Danson: A private development of the 1930s

Public Libraries and Parks

The period between the First and Second World Wars was one of rapid expansion for public libraries throughout the country. Yet even by the standards of the time the success of Welling Library was phenomenal. In a single year, 1931, the number of books lent by the library rose by 9718 to 31,298 an increase of 45 per cent. This compared to a rise of 18 per cent for the district as a whole.

Rising demand placed increasing pressure on space. The council tried to deal with this, firstly in 1927 by the rather brutal expedient of sacking the caretaker and adding his living quarters to the library. Then in 1930 the Public Libraries Committee agreed to an extension of the library costing £650. The new building opened in 1935.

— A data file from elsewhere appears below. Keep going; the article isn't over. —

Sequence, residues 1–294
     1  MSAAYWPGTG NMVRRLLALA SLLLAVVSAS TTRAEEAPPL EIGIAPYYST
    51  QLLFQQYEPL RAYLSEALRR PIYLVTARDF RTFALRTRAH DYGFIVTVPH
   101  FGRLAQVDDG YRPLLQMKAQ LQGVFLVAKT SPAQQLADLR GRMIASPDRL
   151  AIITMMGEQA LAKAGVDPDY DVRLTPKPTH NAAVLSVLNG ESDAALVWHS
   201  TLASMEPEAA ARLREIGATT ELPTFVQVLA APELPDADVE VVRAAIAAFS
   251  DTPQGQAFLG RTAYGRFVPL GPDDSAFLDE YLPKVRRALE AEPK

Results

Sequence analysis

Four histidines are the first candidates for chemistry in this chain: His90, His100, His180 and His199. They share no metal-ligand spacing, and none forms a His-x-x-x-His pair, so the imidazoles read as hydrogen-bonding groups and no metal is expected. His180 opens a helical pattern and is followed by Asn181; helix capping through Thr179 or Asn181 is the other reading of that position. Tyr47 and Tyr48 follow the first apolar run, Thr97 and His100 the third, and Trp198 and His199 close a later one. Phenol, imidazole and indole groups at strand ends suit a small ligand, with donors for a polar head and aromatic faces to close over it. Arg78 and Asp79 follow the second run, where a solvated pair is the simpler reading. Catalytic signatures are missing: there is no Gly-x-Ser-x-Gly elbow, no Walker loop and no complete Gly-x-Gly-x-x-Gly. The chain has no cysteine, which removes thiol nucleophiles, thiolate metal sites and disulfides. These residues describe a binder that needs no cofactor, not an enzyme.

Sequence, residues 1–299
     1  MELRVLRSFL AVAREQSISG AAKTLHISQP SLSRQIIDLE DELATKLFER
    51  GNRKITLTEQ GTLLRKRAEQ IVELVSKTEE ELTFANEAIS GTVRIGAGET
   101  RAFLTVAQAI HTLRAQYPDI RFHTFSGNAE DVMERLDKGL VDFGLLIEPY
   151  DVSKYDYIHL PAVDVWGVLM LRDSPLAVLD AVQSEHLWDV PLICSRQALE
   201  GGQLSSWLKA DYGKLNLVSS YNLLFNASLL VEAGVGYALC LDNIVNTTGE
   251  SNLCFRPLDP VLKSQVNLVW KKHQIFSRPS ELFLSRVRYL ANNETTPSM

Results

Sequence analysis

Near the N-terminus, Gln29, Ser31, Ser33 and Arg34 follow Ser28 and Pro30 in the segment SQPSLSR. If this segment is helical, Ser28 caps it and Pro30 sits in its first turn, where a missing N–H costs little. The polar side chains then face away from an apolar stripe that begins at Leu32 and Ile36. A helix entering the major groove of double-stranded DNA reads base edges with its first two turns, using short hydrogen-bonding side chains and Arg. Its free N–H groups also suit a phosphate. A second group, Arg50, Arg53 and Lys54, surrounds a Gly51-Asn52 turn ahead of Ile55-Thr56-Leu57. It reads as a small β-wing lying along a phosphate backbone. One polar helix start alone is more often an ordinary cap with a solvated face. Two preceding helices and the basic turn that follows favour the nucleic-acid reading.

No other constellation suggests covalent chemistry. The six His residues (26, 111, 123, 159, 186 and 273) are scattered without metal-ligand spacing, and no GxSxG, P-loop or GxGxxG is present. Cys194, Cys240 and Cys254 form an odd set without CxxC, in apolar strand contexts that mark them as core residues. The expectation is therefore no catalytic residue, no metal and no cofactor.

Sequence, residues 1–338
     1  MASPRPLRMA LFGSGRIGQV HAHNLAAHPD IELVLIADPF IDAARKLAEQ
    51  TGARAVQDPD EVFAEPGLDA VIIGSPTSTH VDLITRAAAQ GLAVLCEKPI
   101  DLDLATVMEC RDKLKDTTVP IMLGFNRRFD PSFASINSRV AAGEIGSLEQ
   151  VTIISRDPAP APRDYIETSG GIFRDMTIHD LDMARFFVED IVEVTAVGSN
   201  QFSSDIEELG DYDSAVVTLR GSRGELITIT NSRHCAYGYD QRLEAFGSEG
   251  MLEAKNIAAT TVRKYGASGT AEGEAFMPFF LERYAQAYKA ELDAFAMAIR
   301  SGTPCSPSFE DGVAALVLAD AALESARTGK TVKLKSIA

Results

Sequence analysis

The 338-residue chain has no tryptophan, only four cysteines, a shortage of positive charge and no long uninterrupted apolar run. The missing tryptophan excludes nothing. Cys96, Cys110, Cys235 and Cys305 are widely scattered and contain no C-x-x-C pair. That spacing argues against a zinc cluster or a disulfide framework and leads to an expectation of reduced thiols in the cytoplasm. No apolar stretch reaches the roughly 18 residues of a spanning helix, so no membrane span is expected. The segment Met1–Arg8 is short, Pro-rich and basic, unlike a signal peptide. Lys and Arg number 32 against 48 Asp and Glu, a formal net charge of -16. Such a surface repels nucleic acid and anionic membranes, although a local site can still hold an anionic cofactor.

One thing the new estate did not lack was a park. Lot 1, consisting of Danson Mansion and its immediate grounds, was bought by the council for £15,000 in 1924. Initially the council suggested that Christchurch ward should fund the purchase, but after some debate it was agreed that the charge should fall on the district as a whole.

The cost of converting the park to public use was estimated at £3500 and an application was made for a government loan for that amount, to be financed from the sale of National Savings Certificates in the District. The Park soon became a popular attraction in the area. The house was made into a museum. The grounds were laid out with tennis courts, cricket, football and hockey pitches, as well as a miniature golf course. Boats were available for hire for rowing and sailing on the lake, while an open-air swimming pool was opened in the park in 1936.